If you’re looking for a holiday gift for someone in The Industry – and by that I mean anyone working in movies, television, theater, even in dance or the music business – the new biography Fosse by Sam Wasson has got you covered.
Bob Fosse, you may remember, is the only man to have won the show business trifecta: an Oscar, a Tony, and an Emmy in one year (1972). But did it make him happy? Therein lies the tale, or at least, the core of it.
Fosse is a big, fat book that may look intimidating (the text is nearly 600 pages, pre-notes and acknowledgements), but it’s such an engrossing page-turner of a read that I’m not alone in thinking that it could’ve been longer. Reviews have been raves, and the book’s already an Amazon bestseller.
Author Wasson is a friend, but with this definitive bio out now, and the NY Times bestseller Fifth Avenue, 5 A.M. (about the making of Breakfast at Tiffany’s) behind him, he hardly needs any smoke-blowing promotion from me. And I would’ve eaten this book up with a spoon, regardless.
What Sam has pulled off here is no small feat. Due to his prodigious research and insights, you feel that you are there, fly-on-the-wall style, for all the events that transpire in Fosse’s life, and you feel like you’re getting the real deal – that you’re in Fosse’s head or, at least, that you’re with the man as he actually was, brought to vivid life in all his neurotic glory.
In a recent NPR interview, well worth a listen, Sam relates one of the many great anecdotes that are in the book, about an encounter between Fosse and his close friend, the formidable screen and TV writer, Paddy Chayefsky (the "Gwen" Fosse refers to is his wife Gwen Verdon, and Nicole, their daughter):
Fosse [is] in the hospital having just had a heart attack, facing open-heart surgery the next morning - bypass surgery - he's sitting there with Paddy. Paddy's going over Fosse's will, which he has just rewritten. And Paddy, of course, reads every single word of every single page of the document, expecting to find himself in there. He realizes Fosse's left him out.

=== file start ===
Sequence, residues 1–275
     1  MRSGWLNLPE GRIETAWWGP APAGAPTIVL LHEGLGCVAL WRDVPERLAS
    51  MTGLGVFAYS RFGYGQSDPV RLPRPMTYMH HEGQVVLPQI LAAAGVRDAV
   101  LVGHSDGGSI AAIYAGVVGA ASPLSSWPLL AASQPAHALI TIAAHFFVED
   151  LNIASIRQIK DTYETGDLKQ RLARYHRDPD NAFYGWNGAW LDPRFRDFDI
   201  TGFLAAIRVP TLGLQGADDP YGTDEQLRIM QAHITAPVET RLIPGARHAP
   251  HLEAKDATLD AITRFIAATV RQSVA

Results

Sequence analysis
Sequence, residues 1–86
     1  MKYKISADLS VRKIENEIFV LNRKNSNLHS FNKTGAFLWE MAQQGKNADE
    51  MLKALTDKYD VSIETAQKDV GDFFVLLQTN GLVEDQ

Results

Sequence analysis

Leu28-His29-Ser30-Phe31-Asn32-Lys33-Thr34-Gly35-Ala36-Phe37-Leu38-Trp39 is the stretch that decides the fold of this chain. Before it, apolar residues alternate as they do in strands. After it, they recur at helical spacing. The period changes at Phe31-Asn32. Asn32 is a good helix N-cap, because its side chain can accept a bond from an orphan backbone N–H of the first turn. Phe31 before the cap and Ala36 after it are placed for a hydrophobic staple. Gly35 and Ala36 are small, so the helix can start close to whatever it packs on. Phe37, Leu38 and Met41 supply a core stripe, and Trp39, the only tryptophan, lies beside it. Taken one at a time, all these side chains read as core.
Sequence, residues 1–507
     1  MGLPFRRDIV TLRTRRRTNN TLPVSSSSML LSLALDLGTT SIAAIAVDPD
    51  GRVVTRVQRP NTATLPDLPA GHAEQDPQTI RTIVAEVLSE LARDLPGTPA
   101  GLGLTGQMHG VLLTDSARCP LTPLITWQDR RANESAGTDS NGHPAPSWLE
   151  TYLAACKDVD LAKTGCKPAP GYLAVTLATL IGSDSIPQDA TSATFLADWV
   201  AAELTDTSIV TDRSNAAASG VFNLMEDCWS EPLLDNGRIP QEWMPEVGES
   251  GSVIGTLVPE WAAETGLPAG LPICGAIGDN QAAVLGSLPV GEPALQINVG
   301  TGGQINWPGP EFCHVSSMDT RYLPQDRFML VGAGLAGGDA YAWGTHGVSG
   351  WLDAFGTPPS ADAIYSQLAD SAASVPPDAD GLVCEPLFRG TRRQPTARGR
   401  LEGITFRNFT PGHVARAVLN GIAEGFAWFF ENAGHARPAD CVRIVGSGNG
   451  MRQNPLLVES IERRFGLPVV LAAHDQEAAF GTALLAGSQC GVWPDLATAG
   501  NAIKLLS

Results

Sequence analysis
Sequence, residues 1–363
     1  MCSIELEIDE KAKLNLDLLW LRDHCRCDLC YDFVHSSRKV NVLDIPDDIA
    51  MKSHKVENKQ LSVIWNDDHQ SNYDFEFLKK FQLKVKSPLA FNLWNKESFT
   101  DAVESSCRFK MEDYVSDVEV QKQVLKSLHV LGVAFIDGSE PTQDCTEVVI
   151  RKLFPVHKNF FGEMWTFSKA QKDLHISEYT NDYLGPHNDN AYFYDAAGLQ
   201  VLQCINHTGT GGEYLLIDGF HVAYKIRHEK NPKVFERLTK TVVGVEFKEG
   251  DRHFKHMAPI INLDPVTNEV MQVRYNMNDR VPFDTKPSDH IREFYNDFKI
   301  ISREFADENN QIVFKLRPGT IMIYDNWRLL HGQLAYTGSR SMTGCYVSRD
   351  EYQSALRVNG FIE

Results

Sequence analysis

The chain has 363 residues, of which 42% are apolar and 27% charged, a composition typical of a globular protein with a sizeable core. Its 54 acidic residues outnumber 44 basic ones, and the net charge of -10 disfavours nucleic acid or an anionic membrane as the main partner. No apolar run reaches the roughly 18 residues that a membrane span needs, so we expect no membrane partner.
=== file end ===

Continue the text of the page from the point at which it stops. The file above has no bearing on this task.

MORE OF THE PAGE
And Paddy looks up from the will and looks to Fosse and says: I'm not in here. I'm your best friend of 10 years; where am I? And Fosse says: Well, Paddy, I don't worry about you. You're going to be fine. I wanted to make sure Gwen was OK, and Nicole was OK... I wanted to provide for my family. I don't worry about you. You know I love you. I got to provide for these other people. And Paddy looks up and says: Fuck you, live.
So that gives you a flavor of what these guys were. And Fosse laughs so hard and… all the tubes are plugged into his nose and the heart machine starts beeping and - I mean, it was a constant party in Fosse's room.
Yes, there was a lot of laughter, but Fosse also makes it clear that a deep well of fear, anger, and pain lay behind the singular icon’s great achievements. The book chronicles how this infamously driven workaholic sought to deal with his demons, and it serves as a kind of cautionary tale for all of us creative types who seek to somehow keep our work and our personal lives in balance. In an e-mail exchange with Sam, the biographer had this to say about his subject:
It's a book about the problems of insecurity [and] the vulnerability that comes from being an artist. One of the things I love about Fosse is that he endured an amplified version of the problems we in the creative realm deal with, namely, "How do I make it better? Can I make it better? Why is it never enough? Why am I never enough? What's wrong with me?" The fear of creation. Not fear: the panic. For me it is always there. And so I'm very moved by Fosse's story... I hope people read it as being bigger than Fosse.
It felt that way to me, and I think anyone who delves into this addictively readable book will come away with some big-sized thoughts to ponder, as well as an interest in re-experiencing the handful of great movies that Fosse’s panic, and talent, produced.
[Sam Wasson will be signing copies of Fosse this Friday night (12/6) at the Aero Theater, as well as helming a panel in conjunction with showings of Cabaret and All That Jazz – details in this link.]